The obituaries celebrated his two Academy Awards but made less of other achievements. Ring's novel,The Ecstasy of Owen Muir, begun in 1950 while he was serving his now-famous prison sentence for contempt of Congress, drew a transatlantic fan letter from Sean O'Casey. Ring felt sufficiently pleased to have the longhand note framed under glass, which he then slipped into a shirt drawer. He was not about advertisements for himself. In 1976 he published The Lardners: My Family Remembered. Garson Kanin commented, "In the American aristocracy of achievement, the Lardners are among the bluest of blue bloods. In Ring Lardner, Jr. they have found a chronicler worthy of his subject. The Lardners is a moving, comical, patriotic book."

The progenitor was, of course, Ring Lardner Sr., the great short-story writer, who sired four sons, each of whom wrote exceedingly well. James Lardner was killed during the Spanish Civil War; David died covering the siege of Aachen during World War II; a heart attack killed John in 1960, when he was 47. Add Ring's prison term to the necrology and you would not have what immediately looks to be the makings of a "moving, comical" book. But The Lardners was that and more because of Ring Jr.'s touch and slant and his overview of what E.E. Cummings called "this busy monster, manunkind."

From time to time, Ring published splendid essays. The one form he avoided was the short story. He wrote, "I did not want to undertake any enterprise that bore the risk of inviting comparison with my father or the appearance of trading on his reputation."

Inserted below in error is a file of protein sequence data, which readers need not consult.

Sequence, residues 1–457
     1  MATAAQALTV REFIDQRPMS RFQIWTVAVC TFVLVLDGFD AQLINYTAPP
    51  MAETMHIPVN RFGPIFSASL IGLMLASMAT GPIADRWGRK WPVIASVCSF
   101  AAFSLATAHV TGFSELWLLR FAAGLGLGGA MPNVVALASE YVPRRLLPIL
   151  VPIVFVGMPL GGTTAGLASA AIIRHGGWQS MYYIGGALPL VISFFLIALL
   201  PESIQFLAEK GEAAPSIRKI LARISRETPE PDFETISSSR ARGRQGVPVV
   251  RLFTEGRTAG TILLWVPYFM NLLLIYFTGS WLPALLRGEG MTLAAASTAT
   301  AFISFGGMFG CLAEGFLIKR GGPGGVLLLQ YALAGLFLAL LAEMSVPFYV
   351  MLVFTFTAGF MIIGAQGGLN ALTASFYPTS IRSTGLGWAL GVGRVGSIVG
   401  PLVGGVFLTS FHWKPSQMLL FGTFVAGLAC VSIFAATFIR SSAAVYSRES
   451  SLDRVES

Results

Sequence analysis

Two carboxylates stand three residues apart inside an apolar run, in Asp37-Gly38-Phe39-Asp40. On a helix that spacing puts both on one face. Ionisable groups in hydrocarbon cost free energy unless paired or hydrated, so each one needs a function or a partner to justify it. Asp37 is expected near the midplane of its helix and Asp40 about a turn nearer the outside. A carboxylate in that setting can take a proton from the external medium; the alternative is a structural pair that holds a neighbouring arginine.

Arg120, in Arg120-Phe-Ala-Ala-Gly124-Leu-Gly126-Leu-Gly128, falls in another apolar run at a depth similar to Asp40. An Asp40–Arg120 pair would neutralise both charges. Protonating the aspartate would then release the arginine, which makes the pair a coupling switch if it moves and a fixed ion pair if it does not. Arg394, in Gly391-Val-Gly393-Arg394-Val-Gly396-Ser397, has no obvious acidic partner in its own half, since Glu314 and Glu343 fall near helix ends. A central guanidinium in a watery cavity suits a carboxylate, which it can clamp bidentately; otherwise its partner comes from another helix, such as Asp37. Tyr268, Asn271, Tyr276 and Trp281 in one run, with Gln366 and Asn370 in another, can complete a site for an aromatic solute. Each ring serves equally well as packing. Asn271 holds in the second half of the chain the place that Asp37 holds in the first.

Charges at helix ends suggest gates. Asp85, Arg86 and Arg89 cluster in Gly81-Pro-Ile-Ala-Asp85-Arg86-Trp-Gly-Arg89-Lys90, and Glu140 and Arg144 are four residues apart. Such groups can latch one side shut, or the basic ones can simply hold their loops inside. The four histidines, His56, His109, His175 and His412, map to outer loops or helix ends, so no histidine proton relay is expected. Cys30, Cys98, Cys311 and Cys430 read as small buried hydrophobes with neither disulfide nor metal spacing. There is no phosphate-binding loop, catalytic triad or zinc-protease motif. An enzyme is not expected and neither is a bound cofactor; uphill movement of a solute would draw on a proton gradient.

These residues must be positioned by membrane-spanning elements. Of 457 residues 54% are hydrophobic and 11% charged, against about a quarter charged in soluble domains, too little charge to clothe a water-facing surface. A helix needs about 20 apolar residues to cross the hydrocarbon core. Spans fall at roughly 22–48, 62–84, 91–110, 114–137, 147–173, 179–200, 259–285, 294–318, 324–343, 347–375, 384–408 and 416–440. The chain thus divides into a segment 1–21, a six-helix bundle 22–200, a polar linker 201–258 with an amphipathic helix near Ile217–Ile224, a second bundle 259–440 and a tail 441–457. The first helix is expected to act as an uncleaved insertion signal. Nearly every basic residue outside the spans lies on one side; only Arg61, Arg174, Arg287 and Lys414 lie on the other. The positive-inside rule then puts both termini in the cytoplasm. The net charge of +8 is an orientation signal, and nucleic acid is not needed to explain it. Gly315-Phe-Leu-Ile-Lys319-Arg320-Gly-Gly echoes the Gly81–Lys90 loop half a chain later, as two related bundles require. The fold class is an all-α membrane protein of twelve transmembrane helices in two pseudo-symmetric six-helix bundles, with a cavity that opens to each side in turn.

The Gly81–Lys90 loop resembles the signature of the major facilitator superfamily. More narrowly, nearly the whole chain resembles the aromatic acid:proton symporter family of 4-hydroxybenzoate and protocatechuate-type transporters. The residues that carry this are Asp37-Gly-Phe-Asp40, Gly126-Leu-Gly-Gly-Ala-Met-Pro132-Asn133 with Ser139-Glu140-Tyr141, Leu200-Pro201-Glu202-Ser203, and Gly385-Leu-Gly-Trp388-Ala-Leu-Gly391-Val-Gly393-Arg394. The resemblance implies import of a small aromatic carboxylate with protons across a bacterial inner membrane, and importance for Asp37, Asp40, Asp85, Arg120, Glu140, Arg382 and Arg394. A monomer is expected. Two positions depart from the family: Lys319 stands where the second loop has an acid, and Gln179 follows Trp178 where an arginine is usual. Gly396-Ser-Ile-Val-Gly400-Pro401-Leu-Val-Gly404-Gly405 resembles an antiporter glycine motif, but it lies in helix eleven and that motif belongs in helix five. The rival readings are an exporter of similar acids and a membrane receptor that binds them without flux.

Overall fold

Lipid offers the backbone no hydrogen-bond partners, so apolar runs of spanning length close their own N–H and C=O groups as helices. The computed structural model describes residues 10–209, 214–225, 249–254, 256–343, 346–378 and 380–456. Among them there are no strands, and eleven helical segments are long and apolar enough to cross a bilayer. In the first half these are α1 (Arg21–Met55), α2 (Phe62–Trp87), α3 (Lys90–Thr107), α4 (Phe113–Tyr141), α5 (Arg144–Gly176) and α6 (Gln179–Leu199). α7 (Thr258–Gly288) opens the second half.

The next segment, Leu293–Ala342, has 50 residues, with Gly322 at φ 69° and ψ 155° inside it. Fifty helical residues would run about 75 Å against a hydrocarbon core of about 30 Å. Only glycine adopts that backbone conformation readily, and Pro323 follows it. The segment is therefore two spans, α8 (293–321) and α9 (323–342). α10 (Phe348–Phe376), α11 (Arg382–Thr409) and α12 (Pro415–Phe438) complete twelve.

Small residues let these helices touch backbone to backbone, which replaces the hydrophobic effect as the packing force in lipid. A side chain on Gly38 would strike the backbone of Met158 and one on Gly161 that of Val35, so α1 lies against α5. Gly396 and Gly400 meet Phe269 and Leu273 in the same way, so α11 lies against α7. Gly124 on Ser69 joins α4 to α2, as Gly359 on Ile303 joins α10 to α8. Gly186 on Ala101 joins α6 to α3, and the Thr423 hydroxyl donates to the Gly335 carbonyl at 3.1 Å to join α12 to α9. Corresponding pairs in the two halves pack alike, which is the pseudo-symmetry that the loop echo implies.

We became close in the days following the death of John Lardner, who was, quite simply, the best sports columnist I have read. I set about preparing a collection, The World of John Lardner, and Ring, my volunteer collaborator, found an unfinished serio-humorous "History of Drinking in America." He organized random pages with great skill. Reading them I learned that the favorite drink of the Continentals, shivering at Valley Forge, was a Pennsylvania rye called Old Monongahela. George Washington called it "stinking stuff." At headquarters the general sipped Madeira wine.

A year or so later, with the blacklist still raging, I picked up Ring for lunch at the Chateau Marmont, an unusual apartment hotel on Sunset Boulevard near Hollywood. Outside the building, a fifty-foot statue of a cowgirl, clad in boots and a bikini, rotated on the ball of one foot, advertising a Las Vegas hotel. I asked the room clerk for Mr. Robert Leonard. Ring was writing some forgotten movie, but could not then work under his own name. "Robert Leonard" matched the initials on his briefcase.

This was a pleasant November day, but the blinds above Ring's portable typewriter were drawn. When I asked why, he opened them. His desk sat facing the bikinied cowgirl, bust-high. Every eighteen seconds those giant breasts came spinning round. "Makes it hard to work," Ring said and closed the blinds.

The Saturday Evening Post was reinventing itself during the 1960s, on the way to dying quite a glorious death, and with my weighty title there, editor at large, I urged Clay Blair, who ran things, to solicit a piece from Ring about the blacklist. Ring responded with a touching, sometimes very funny story that he called "The Great American Brain Robbery." He explained, "With all these pseudonyms, I work as much as ever. But the producers now pay me about a tenth of what they did when I was allowed to write under my own name."